أحتجاج الأتحاد العالمي لنقابات النفط و الغاز والطاقة على أثر التطويق العسكري للعمال المضربين في البصرة و أصدار أمر ألقاء القبض على أربعة من قيادي أتحاد نقابات العمال النفطية
URGENT Solidarity action needed please refer to:
Hands off Iraqi oil

Disclaimer

Articles published on this site do not necessarily reflect the opinion of WSIUI or its members


المقالات المنشورة على هذا الموقع لا تعكس بالضرورة آراء منظمتنا أو أعضاء منظمتنا


Samarra Minrate built in 852 AD

Samarra Minrate built in 852 AD
Building of 1 500 massive police station !
From the angle of the photo, it is possible to calculate that the complex is being built at E 396388 N 3785995 (UTM Zone 38 North) or Lat. 34.209760° Long. 43.875325°, to the west of the Malwiya (Spiral Minaret), and behind the Spiral Cafe.
While the point itself may not have more than Abbasid houses under the ground, it is adjacent to the palace of Sur Isa, the remains of which can be seen in the photo. While the initial construction might or might not touch the palace, accompanying activities will certainly spread over it.Sur Isa can be identified with the palace of al-Burj, built by the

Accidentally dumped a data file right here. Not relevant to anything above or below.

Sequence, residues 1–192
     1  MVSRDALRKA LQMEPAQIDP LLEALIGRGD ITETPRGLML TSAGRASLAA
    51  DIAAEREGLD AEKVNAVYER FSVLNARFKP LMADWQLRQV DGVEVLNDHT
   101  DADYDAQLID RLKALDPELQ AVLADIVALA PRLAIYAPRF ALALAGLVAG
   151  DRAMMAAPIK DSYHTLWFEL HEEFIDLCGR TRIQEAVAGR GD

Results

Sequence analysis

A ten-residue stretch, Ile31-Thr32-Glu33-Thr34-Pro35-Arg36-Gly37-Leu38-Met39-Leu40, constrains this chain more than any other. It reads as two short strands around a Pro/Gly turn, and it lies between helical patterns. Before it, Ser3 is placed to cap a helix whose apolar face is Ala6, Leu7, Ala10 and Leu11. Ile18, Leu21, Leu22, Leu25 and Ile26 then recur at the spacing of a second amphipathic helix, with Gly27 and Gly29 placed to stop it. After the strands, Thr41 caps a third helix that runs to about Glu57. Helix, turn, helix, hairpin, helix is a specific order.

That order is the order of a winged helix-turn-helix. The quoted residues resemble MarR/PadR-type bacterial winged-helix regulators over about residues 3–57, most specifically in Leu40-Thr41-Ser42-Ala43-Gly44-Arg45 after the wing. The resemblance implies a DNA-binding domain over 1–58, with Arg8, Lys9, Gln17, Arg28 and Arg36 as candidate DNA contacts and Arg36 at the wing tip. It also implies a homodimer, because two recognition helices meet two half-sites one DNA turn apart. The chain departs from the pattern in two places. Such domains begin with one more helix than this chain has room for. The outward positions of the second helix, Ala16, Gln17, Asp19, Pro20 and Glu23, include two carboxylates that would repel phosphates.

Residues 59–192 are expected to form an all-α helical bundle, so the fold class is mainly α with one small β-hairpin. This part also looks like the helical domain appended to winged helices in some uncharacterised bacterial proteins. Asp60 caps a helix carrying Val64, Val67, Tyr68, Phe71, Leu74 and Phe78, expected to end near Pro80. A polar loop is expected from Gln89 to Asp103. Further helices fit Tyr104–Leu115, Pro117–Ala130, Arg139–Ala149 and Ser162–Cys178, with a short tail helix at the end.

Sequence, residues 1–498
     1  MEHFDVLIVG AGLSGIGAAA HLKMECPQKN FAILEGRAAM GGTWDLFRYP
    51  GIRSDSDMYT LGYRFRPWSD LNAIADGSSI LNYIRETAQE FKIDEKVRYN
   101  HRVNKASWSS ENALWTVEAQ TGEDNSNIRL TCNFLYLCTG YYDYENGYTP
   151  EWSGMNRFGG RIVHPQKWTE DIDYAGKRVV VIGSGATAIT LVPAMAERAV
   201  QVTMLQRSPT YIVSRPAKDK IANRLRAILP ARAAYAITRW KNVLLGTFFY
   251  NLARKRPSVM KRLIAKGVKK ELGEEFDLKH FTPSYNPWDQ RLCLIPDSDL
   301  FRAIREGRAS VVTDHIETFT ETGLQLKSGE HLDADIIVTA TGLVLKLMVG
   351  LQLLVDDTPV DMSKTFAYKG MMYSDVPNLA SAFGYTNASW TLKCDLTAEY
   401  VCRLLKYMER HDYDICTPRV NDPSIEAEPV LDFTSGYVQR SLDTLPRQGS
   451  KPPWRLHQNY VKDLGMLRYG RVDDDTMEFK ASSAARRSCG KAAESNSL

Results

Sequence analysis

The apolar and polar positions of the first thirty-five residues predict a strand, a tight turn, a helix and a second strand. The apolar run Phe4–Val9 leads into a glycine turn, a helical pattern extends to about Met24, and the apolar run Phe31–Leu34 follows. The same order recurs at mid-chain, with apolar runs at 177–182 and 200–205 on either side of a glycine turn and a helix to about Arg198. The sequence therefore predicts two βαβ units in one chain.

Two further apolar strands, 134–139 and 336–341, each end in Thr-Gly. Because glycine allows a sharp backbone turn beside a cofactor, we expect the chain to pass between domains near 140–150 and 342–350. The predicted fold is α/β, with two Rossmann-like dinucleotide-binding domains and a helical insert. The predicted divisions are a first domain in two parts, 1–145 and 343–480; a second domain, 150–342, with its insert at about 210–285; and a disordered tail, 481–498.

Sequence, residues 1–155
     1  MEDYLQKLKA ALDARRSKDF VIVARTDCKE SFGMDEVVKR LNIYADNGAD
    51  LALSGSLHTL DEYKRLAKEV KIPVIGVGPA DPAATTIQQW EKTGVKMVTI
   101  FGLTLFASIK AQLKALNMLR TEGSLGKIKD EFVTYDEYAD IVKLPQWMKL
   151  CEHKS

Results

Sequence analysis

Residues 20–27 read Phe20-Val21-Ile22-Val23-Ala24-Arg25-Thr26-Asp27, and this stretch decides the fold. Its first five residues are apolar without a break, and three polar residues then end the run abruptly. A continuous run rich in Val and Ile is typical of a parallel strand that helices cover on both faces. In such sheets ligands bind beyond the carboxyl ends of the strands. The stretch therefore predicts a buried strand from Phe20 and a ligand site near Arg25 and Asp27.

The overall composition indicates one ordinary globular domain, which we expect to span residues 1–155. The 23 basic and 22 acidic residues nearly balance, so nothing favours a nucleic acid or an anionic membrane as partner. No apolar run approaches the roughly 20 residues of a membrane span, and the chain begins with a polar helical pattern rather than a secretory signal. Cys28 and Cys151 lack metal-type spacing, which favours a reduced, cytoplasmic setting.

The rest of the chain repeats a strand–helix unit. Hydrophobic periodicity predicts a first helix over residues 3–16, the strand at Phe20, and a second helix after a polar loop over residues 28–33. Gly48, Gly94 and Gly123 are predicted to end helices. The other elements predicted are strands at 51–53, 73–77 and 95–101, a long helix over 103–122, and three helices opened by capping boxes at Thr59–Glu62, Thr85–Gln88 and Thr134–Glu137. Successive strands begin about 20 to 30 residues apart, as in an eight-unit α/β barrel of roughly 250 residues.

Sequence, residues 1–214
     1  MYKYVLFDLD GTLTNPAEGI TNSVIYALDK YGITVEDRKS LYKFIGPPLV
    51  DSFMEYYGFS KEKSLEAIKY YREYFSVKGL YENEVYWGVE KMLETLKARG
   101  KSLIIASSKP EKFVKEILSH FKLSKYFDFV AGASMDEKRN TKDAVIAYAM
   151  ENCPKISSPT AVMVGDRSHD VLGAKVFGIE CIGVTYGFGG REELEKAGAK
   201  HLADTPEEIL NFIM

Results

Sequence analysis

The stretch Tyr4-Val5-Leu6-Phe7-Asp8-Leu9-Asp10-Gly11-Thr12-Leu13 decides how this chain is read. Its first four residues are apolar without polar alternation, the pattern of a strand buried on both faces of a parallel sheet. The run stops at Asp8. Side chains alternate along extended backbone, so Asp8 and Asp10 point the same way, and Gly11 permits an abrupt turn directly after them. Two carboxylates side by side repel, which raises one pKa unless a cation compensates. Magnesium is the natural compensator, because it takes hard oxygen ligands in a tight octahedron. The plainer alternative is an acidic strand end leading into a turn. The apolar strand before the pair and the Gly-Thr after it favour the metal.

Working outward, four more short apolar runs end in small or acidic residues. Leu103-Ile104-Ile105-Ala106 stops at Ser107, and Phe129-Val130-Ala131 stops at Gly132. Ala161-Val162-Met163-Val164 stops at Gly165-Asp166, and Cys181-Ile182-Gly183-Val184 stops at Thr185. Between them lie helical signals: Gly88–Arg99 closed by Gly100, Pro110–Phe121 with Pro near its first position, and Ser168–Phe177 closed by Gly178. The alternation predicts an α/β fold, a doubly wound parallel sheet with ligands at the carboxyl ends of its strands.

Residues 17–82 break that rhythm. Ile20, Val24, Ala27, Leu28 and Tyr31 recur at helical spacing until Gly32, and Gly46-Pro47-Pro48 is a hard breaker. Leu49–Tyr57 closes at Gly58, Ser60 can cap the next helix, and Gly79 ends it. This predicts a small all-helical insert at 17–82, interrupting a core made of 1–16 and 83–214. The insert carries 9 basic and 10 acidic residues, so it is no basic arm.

Abbasid Caliph al-Mutawakkil, probably in 852-3 (Northedge, Historical Topography of Samarra, pp 125-127, 240). The palace is said to have cost 33 million dirhams, and was luxurious. Details are given by al-Shabushti, Kitab al-Diyarat.
Samarra was declared a World Heritage site by UNESCO at the end of June. The barracks could easily have been built elsewhere, off the archaeological site.--
Alastair Northedge Professeur d'Art et d'Archeologie Islamiques UFR d'Art et d'Archeologie
Universite de Paris I (Pantheon-Sorbonne) 3, rue Michelet, 75006 Paris
tel. 01 53 73 71 08 telecopie : 01 53 73 71 13 Email :
Alastair.Northedge@univ-paris1.fr ou anorthedge@wanadoo.fr